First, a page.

Front Cover
 Back Cover

Title: Vegetable gardening
Full Citation
Permanent Link: http://ufdc.ufl.edu/UF00084329/00001
 Material Information
Title: Vegetable gardening
Series Title: Vegetable gardening
Physical Description: Book
Creator: Carter, Lawrence.
Publisher: Florida Cooperative Extension Service, Institute of Food and Agricultural Sciences, University of Florida ;
 Record Information
Bibliographic ID: UF00084329
Volume ID: VID00001
Source Institution: University of Florida
Rights Management: All rights reserved by the source institution and holding location.
Resource Identifier: oclc - 227122590

Table of Contents
    Front Cover
        Front Cover
        Page 1
        Page 2
        Page 3
        Page 4
        Page 5
        Page 6
        Page 7
        Page 8
        Page 9
        Page 10
        Page 11
        Page 12
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        Page 17
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        Page 21
        Page 22
        Page 23
    Back Cover
        Page 24
Full Text




Florida A&M Demonstration Project
Lawrence Carter
Extension Rural Development Specialist
Florida A&M Programs
James M. Stephens
Extension Vegetable Specialist
University of Florida
December 1976


In recent years, the urgent need for rural
and urban families to plant a home vegetable
garden has been stimulated by increased un-
employment, under-employment, and inflation.
These major economic changes have prompted
the Cooperative Extension Service, USDA, and
other agriculturally related agencies to develop
educational information for and provide techni-
cal assistance to urban and rural home gar-
deners who desire, request, and use this kind of
service. Through such programs a vast number
of urban and rural families are receiving tech-
nical assistance, producing and benefiting from
fresh home-grown vegetables.

One such technical assistance project in Flor-
ida was based on the old saying that "seeing is
believing." A demonstration garden was planted
on the Florida A&M University Campus in a
joint cooperative venture with the University
of Florida to show proper gardening techniques.
The garden was established and planted on
March 18. The public, along with county Ex-
tension workers in Leon and surrounding
Counties, participated in a tour of the demon-
stration garden plots on May 28, 1976.
The following illustrations will show step-by-
step how the garden was established and main-

1. An information sign that describes the
purpose of a project is helpful for the in-
tended audience.

2. Implements such as the push plow with
attachments. ..

3. . a seeder with various size plates for
spacing different size seeds. ..

4. . and other common types of hand
tools such as a hoe, shovel, gloves, and con-
tainers are helpful in maintaining the
home garden.

5. The yardstick is also a useful tool for
measuring distances between rows. Proper
row width is necessary to provide space
for spreading plants, for ease of cultiva-
tion, and to provide plants with enough
sunlight for normal growth.

. .

6. The string is used as a guide to mark-off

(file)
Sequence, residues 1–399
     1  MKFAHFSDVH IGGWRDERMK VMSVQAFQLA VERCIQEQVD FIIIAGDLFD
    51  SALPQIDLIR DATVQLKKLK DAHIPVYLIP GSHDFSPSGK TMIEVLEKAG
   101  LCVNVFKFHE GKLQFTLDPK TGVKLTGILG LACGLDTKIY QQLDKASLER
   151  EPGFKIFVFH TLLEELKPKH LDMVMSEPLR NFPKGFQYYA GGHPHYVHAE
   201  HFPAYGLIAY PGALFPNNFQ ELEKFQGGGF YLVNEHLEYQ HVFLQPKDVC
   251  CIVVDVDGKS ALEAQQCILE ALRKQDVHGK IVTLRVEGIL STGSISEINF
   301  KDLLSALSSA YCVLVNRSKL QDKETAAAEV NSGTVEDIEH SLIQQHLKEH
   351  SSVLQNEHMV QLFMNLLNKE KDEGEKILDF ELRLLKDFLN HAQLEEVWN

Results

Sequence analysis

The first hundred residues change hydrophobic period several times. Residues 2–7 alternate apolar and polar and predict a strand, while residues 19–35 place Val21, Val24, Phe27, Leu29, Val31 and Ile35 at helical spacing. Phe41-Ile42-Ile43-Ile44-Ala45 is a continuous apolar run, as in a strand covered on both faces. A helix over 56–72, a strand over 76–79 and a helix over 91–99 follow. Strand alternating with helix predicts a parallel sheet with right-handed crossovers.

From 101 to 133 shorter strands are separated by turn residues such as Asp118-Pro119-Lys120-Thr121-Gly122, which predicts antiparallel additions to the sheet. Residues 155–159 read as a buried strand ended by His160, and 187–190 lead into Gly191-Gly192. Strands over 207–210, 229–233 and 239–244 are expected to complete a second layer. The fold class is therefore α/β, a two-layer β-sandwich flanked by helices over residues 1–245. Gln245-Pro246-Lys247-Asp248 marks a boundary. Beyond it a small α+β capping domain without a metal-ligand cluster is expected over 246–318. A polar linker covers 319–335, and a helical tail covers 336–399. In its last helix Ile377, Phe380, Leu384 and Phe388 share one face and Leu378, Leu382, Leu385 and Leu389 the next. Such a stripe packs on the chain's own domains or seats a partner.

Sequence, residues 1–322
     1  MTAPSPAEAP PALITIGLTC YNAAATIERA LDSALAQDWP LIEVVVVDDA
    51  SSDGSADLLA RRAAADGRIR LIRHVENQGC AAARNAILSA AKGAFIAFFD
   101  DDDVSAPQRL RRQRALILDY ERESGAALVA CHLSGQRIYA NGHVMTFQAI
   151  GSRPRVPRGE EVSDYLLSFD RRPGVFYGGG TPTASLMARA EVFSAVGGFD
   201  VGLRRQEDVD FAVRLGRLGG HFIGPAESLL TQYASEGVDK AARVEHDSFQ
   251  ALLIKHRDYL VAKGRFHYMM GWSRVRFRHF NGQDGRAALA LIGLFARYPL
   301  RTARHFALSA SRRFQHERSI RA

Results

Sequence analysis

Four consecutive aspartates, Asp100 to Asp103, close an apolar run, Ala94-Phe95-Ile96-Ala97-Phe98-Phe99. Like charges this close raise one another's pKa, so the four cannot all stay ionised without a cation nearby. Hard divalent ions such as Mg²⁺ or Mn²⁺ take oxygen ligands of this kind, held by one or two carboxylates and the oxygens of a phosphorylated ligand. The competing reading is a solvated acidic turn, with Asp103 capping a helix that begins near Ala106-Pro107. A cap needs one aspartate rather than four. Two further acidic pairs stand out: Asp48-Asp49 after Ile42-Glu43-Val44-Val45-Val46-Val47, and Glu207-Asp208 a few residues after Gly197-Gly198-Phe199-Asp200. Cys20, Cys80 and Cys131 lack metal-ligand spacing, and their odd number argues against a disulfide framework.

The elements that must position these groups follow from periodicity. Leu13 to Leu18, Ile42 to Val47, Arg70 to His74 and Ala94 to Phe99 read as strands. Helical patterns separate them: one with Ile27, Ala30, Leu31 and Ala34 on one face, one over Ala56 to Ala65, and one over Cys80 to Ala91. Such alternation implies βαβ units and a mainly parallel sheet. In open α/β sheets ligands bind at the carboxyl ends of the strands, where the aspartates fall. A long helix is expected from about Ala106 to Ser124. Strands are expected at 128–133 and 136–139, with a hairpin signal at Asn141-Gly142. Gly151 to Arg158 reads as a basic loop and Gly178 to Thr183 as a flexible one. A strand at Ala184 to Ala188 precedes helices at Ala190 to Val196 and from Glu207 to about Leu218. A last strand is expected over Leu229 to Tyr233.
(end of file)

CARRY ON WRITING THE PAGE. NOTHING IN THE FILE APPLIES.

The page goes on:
each row, to get the exact row width, and
to work the center of the seedbed before
planting begins.

7. Fertilizer must be applied to the vegetable
garden to insure needed nutrients that may
not be available in the soil. It may be ap-
plied either in the row during planting or
spread over the garden area prior to soil

8. Applying the right amount of fertilizer,
spread or placed in each row, is most im-
portant. ..

9. . each row may require a different
amount of fertilizer for the particular
vegetable to be grown there. To avoid
guesswork, this may require some figuring
before applying.

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10. The right kind of fertilizer with minor nu-
trients (such as 6-8-8, 8-8-8, or 5-10-15) is
an important factor to consider when
planting different kinds of vegetables.

11. The fertilizer should be measured correctly
and spread evenly within each row.

12. It is a good practice for the home gardener
to seek expert advice before and during
planting of the home garden.

13. When fertilizer is applied in the right
amount and at the right place in the seed-
bed, seeds will not be injured when
sprouting occurs.

14. The hoe may be used to do most tasks in
the home garden. It is especially useful
when covering the fertilizer and making
the seedbed. .

15. . however the push plow seems to get
the job done much faster. .

16. . but a rest break for the aged is also

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17. When seeds are planted in a firm seedbed
the soil settles around the seed immediately
and protects them until sprouting occurs.

18. Remove all debris, clods of soil and rocks
before planting either by hand or with a

19. A firm seedbed protects seeds immediately
after planting, it holds moisture well, and
it enables the gardener to see desired
plants well in advance of undesirable
ones. ..

20. . a firm seedbed ready for planting
looks like this.

21. The string is centered over the seedbed to
insure that seeds are planted in the center
of the row.

22. The garden hoe handle is a simple tool to
use when opening the seedbed. ..

23. . when the desired depth is reached,
opening of the seedbed should continue
along the entire row. ..